• have up to date vehicle tax;
  • have a current MOT certificate.

What are the potential consequences of using an e-scooter on the road or pavement?

Riders risk a £300 fine and six points on their driving licence if they choose to ride an electric scooter on a public road, pavement or cycle lane. Other penalties and offences include:

  • Riding on a pavement: £50 fine
  • Riding without the correct licence: up to £100 fine
  • Riding through red lights: £100 fine and possible penalty points
  • Using a mobile device while riding: £200 fine and six penalty points
  • Driving under influence: you face court imposed fines, a driving ban and possible imprisonment

Remember: any person who uses an privately owned e-scooter on a public road is committing a criminal offence and can therefore be prosecuted. The use of an electric scooter in an antisocial manner in public could lead to the vehicle being seized under section 59 of the Police Reform Act. 

What are the rules for rented electric scooters?

In order to avoid being prosecuted, anyone renting an electric scooter on a public road or other public space must follow all applicable traffic laws.

Please note the following rules for using a rental e-scooter:

  • To use a shared electric kick scooter, you must have the category Q entitlement on your driving licence. You can use an e-scooter if you have a full or provisional UK licence for categories AM, A, or B that includes entitlement for category Q.
  • You do not need additional insurance as the e-scooter rental operator has covered it.
  • A trial e-scooter can be used on the road (with the exception of motorways) and in cycle lanes. An e-scooter cannot be used on the pavement.
  • Only one person should an electric scooter at a time.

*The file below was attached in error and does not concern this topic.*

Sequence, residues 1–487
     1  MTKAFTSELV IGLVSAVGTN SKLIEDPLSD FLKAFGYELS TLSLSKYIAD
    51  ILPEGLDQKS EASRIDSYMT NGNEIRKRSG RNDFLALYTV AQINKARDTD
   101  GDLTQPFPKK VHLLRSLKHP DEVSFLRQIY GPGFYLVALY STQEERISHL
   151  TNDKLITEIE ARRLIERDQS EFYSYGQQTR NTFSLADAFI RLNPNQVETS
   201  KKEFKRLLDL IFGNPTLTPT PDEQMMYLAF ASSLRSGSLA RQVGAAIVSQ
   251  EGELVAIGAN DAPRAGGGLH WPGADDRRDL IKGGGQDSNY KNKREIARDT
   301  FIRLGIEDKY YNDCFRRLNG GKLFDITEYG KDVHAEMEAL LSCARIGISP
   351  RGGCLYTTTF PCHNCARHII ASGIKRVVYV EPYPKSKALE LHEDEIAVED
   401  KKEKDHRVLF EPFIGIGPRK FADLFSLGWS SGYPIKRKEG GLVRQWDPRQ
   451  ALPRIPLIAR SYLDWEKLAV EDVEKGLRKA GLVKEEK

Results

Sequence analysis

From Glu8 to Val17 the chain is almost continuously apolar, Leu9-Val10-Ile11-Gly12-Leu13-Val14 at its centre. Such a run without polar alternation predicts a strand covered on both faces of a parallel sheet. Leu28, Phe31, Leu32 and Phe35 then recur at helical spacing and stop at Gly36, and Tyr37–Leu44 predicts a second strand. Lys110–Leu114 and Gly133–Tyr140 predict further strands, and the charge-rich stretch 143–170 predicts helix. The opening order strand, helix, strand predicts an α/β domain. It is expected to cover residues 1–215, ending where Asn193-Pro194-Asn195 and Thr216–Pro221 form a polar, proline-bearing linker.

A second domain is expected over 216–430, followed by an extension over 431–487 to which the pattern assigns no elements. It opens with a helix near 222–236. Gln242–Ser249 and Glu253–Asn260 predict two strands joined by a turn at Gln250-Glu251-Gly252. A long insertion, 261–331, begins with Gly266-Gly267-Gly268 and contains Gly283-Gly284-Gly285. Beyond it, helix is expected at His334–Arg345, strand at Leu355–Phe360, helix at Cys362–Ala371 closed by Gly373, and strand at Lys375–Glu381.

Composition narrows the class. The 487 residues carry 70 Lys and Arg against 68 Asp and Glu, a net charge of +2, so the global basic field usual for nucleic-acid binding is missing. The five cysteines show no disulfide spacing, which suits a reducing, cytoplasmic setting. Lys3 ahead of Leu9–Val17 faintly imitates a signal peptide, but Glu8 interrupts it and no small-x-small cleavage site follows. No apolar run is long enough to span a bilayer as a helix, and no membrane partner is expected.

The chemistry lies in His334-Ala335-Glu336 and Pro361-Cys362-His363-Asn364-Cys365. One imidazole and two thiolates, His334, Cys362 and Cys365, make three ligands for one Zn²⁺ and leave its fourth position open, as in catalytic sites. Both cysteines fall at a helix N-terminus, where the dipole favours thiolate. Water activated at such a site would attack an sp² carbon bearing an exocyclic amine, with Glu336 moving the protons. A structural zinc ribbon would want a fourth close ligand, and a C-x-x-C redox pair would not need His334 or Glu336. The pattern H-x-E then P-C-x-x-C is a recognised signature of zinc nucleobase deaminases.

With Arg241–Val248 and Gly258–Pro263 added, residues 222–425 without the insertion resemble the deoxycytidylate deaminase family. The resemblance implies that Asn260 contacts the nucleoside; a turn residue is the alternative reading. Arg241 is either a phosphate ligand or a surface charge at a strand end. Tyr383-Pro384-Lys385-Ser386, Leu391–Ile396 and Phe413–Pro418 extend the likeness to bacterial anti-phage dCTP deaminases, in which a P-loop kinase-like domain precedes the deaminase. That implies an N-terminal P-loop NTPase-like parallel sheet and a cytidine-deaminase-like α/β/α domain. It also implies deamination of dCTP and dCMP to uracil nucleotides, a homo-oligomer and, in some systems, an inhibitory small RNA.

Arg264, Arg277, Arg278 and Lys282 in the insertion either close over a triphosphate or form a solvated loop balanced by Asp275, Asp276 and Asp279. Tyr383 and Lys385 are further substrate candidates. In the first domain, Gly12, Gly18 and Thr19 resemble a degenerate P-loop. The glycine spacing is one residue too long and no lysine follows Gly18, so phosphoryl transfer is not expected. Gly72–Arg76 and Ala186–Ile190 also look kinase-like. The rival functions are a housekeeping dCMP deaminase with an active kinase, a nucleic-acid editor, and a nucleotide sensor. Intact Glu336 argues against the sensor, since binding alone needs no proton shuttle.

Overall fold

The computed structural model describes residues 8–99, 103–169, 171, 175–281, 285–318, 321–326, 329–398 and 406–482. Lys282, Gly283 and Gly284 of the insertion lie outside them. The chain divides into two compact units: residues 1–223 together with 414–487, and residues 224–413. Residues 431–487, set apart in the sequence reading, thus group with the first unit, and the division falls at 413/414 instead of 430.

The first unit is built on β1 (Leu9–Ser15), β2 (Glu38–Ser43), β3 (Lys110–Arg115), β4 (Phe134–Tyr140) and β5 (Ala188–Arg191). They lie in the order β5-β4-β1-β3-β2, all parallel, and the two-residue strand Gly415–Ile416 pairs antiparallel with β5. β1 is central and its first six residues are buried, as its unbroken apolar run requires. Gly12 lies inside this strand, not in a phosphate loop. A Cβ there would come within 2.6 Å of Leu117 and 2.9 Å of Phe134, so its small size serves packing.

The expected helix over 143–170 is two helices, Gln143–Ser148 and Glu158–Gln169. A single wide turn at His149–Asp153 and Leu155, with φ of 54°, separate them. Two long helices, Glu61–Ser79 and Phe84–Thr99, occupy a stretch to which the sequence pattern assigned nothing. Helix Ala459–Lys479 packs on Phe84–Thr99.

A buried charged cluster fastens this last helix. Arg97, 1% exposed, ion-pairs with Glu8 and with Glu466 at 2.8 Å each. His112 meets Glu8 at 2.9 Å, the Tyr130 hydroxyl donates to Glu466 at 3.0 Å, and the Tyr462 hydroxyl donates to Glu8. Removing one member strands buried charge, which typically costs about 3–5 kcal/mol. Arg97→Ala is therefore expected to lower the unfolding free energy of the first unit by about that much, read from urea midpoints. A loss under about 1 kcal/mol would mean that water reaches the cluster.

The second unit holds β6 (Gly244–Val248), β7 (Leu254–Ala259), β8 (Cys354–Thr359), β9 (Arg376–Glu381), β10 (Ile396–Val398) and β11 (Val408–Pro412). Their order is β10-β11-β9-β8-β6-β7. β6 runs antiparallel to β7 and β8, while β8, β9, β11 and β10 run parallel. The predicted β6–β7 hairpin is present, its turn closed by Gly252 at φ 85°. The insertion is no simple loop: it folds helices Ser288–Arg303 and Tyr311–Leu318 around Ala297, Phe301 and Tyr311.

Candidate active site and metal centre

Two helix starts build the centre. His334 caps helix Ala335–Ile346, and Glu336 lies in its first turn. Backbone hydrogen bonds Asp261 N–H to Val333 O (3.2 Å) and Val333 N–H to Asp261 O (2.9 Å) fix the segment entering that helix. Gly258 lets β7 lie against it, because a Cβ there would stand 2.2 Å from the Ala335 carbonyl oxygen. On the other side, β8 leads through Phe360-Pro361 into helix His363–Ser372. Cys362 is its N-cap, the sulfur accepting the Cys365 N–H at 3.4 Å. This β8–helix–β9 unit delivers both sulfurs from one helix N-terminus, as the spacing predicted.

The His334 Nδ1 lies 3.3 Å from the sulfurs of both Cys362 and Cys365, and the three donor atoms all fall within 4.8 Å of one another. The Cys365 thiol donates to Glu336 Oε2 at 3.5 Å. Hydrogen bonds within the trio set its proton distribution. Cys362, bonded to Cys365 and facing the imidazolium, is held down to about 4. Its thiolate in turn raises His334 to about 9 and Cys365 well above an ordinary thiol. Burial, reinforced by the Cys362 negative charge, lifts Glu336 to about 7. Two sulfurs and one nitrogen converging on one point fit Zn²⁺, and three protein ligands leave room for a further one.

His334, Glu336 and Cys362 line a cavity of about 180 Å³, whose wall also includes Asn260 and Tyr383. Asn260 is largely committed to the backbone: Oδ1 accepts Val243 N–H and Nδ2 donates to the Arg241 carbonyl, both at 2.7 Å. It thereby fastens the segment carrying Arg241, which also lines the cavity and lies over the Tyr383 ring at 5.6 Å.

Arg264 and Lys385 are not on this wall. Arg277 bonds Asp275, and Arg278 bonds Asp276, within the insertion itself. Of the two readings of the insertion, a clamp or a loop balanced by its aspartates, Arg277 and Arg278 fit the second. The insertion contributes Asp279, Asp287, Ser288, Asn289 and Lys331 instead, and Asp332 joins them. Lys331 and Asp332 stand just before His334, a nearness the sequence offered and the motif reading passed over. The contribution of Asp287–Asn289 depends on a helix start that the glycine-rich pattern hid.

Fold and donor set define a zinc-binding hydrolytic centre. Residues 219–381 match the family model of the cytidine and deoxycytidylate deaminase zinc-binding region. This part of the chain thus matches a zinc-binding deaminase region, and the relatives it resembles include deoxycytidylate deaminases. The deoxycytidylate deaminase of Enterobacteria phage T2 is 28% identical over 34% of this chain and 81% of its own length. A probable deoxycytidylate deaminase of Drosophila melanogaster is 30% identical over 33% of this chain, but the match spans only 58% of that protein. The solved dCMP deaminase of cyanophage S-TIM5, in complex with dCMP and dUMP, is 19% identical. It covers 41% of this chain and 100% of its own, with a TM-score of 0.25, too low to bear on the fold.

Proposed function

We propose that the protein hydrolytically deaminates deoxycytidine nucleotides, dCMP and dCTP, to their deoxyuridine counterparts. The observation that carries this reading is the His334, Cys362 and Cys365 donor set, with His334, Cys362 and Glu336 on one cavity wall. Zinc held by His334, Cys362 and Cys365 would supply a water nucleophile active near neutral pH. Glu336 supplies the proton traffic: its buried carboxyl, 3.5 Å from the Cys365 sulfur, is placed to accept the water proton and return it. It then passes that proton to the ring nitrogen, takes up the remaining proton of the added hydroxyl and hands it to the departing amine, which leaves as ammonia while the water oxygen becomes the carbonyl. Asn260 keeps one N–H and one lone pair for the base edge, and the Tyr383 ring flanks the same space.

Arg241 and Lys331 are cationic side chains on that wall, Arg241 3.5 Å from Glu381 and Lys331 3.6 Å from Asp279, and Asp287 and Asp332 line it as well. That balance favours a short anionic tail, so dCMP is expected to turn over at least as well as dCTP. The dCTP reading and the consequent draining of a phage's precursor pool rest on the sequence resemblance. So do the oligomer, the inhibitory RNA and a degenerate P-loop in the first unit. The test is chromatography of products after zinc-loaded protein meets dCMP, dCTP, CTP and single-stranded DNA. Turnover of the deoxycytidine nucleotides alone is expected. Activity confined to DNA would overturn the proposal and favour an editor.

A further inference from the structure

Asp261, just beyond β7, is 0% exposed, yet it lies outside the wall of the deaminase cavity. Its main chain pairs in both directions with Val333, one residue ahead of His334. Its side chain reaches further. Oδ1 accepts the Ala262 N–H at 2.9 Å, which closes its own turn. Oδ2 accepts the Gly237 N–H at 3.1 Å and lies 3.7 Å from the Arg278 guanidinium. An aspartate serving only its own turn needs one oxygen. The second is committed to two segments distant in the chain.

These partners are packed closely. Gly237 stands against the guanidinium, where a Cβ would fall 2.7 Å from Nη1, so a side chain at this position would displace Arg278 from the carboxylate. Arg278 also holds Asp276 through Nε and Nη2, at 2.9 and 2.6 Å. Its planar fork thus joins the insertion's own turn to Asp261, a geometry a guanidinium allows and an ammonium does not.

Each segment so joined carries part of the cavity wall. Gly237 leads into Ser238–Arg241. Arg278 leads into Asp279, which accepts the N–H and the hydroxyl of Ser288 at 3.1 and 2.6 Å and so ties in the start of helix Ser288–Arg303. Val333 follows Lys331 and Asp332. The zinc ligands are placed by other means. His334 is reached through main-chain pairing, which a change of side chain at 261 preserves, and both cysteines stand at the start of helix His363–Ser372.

• You are not allowed to tow anything on an e-scooter. 
  • You are also not allowed to use a mobile phone on an e-scooter. 

Where can you legally rent an electric scooter in the UK?

Electric scooters are currently being tested by the government. These areas are the scene of trials:

  • Bournemouth and Poole
  • Buckinghamshire (Aylesbury, High Wycombe and Princes Risborough)
  • Cambridge
  • Cheshire West and Chester (Chester)
  • Copeland (Whitehaven)
  • Derby
  • Essex (Basildon, Braintree, Chelmsford and Colchester)
  • Gloucestershire (Cheltenham and Gloucester)
  • Great Yarmouth
  • Liverpool
  • London (participating boroughs)
  • Milton Keynes
  • Newcastle
  • North and West Northamptonshire (Northampton, Kettering, Corby and Wellingborough)
  • North Lincolnshire (Scunthorpe)
  • Norwich
  • Nottingham
  • Oxfordshire (Oxford)
  • Redditch
  • Salford
  • Solent (Isle of Wight, Portsmouth and Southampton)
  • Somerset West (Taunton and Minehead)
  • South Somerset (Yeovil)
  • Sunderland
  • Tees Valley (Hartlepool and Middlesbrough)
  • West Midlands (Birmingham and Coventry)
  • West of England Combined Authority (Bristol and Bath)
  • York


The following sources were used to compile this page:

  • lordslibrary.parliament.uk
  • met.police.uk
  • legislation.gov.uk
  • gov.uk